ALEX: CASE OF ARRESTED URBAN DEVELOPMENT
ALEXANDRA, like many other former "native locations", has a long and complicated history.
Vakele Richard Mbalukwana describes how his parents bought their home during World War II: "The neighbourhood was upper middle class with decent homes.
People made improvements to their homes. They built modern houses for those times; they used to look at Bramley and Yeoville and copy the architectural designs."
Vakele still lives in the house his parents bought in 1943. Today he is treasurer and spokesperson of Alexandra Property Owners Rights (APOR), an organisation of "aspiring property owners" with more than 1000 members.
Proclaimed a native township in 1912, Alex was one of the few places where blacks could own property. But, in 1958, the municipality expropriated the area, reducing property owners to tenants.
Twenty-five years later the properties were sold back to residents, but not with freehold title. Mbalukwana refused to buy back the property, though he still lives there. His neighbour, Ethel Mngomezulu, completed an "application to purchase existing property in Alexandra" and received a deed of sale.
Today all residents of Alex live without secure property rights - a situation that has led to the physical deterioration of Alex, as well as instances of violent xenophobia.
Though some residents did receive monetary compensation as part of a claim with the Land Rights Commission, former property owners are still fighting for freehold title.
Before the 1958 expropriation many Alex property owners received an income from tenants who rented small rooms at the back of their properties. Job seekers, including Nelson Mandela, often stayed temporarily in Alex.
But when in 1958 the municipality became the sole property owner, Alex property owners lost not only their landlord status and therefore the rental income from tenants, but were forced to pay rents themselves to the municipality.
The loss of tenant income contributed to the economic decline of Alex. Uncertainty surrounding property rights stifled investment: unsure about the future of the properties, families stopped makingimprovements to their homes.
Mbalukwana contends that had individuals had secure freehold title, there would be many more day-care centres and other small businesses.
Residents have good reason to doubt the security of their properties. In several sites in Alex, the municipal government ordered families to leave in preparation for demolition. Homes have been torn down to make way for a heritage centre. Such projects are undertaken without community consultation or compensation for the loss of property. A court order in January put a halt to the confiscation of properties.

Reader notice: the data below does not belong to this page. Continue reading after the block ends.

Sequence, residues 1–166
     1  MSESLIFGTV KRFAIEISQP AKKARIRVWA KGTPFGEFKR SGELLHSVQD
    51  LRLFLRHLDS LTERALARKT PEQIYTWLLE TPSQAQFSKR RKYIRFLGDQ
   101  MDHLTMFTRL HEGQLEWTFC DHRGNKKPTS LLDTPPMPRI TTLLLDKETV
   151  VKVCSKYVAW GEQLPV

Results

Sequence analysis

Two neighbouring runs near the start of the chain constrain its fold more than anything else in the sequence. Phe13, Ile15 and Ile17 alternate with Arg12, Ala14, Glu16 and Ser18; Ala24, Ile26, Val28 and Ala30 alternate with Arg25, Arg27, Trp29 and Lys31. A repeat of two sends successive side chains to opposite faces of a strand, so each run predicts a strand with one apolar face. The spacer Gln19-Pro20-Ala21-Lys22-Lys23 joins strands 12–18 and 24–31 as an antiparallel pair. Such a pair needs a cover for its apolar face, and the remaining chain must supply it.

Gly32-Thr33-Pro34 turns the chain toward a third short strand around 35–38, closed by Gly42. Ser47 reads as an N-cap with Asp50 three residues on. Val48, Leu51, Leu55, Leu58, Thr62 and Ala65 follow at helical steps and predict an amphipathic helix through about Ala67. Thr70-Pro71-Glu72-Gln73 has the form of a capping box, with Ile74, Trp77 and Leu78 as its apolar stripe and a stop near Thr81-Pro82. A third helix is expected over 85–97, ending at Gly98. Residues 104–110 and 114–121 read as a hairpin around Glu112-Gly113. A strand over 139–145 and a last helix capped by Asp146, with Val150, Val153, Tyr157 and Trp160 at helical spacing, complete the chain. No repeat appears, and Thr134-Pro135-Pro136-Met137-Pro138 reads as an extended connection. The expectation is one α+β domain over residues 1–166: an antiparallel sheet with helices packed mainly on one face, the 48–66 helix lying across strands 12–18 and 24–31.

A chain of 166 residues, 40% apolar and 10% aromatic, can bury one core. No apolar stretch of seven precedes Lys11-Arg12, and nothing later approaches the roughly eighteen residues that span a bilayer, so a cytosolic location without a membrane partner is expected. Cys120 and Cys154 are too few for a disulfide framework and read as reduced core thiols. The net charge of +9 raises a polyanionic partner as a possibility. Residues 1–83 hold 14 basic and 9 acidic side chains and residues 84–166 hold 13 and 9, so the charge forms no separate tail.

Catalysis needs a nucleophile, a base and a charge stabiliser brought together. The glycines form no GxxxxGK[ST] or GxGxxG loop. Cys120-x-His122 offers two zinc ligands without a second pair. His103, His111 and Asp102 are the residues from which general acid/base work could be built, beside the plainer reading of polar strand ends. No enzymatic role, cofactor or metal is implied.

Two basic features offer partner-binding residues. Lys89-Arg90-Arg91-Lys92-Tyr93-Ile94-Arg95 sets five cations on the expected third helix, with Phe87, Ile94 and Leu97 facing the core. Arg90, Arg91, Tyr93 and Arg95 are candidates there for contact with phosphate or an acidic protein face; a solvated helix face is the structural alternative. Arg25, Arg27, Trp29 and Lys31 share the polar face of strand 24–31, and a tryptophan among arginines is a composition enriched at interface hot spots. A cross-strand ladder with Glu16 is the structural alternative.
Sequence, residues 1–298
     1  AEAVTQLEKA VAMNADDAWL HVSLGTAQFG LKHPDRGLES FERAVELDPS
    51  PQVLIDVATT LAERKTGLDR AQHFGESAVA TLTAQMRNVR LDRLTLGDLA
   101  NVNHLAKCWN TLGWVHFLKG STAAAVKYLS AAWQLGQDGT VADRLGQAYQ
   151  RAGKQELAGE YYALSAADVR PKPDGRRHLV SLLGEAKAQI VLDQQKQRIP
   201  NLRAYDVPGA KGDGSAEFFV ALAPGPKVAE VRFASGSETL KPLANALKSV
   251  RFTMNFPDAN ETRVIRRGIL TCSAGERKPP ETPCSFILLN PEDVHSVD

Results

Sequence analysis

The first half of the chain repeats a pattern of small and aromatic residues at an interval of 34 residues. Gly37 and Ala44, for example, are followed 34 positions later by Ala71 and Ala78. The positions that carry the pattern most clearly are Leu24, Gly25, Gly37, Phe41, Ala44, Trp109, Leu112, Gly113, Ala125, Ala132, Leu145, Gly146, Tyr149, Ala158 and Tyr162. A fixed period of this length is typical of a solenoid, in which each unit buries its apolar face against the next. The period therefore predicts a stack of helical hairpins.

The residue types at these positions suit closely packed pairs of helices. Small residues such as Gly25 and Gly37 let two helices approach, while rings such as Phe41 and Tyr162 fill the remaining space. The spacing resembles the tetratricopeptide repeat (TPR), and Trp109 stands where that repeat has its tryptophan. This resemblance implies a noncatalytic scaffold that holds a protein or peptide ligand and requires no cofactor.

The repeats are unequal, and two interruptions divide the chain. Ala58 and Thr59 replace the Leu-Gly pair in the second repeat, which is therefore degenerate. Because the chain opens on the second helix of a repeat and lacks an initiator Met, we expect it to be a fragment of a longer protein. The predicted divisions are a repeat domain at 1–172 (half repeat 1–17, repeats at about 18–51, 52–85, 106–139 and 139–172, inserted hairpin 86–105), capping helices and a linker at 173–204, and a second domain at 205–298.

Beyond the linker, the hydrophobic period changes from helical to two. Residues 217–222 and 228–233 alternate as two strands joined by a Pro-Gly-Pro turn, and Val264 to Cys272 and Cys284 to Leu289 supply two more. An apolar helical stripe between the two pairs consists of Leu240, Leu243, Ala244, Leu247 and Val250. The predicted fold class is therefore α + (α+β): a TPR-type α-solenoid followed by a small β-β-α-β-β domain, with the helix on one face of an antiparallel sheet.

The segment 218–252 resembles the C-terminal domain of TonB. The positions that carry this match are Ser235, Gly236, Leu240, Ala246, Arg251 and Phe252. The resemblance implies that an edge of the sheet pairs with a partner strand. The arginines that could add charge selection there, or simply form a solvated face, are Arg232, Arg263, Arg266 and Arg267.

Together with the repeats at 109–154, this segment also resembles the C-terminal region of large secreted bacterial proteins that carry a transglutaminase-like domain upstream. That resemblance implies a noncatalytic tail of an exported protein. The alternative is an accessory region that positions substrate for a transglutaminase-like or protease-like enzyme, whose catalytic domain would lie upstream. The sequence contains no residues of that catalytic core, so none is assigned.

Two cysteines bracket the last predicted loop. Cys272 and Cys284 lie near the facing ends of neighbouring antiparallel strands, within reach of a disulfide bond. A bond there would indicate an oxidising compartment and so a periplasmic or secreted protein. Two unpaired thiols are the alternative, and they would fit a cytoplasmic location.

Without freehold title, residents of Alex have greater difficulty accessing commercial loans. APOR chairperson Mandla Mhlanga explains that people would use banks to take out loans if they had freehold titles to their properties.
"Today, if you borrow money from your family, it might take a year to build a roof. If you had a loan from a bank it would happen much faster."
The insecurity of property rights upholds racial discrimination, economic subordination and, as recent events have shown, has contributed to violence and an increase in crime in Alex.
There is growing tension between former owners and former tenants. The former are upset because dozens of people now squat on their properties. Many of the squatters are foreigners. Without freehold title Alexandra has become a free-for-all.
Doreen, an elderly woman who inherited a double lot property from her parents, estimates that more than 100 people occupy the land. She has no way of monitoring who is coming and going.
Last December, five men attacked her on her way to church. Community members say the men were brought to justice.
Municipal planners are reluctant to allow freehold title because they believe this will lead to evictions.
But a return to freehold title would not mean the expulsion of the squatters, says Mbalukwana. "We need people there. We need to have rent-paying tenants."
The Alexandra Renewal Project (ARP) is part of the government's urban renewal programme and has been involved in development projects in Alex including RDP homes, new school buildings and a shopping centre. Thus far, ARP refuses to allow freehold title to former property owners.
Since the 1960s Alex residents have been fighting for freehold title. The new government is perpetuating apartheid land policies by denying freehold title to former property owners.
l Grube, a graduate of Beloit College, is a Fulbright US Student Programme member who spent 10 months taking part in Free Market Foundation projects. The views expressed are the author's and are not necessarily shared by the Foundation.
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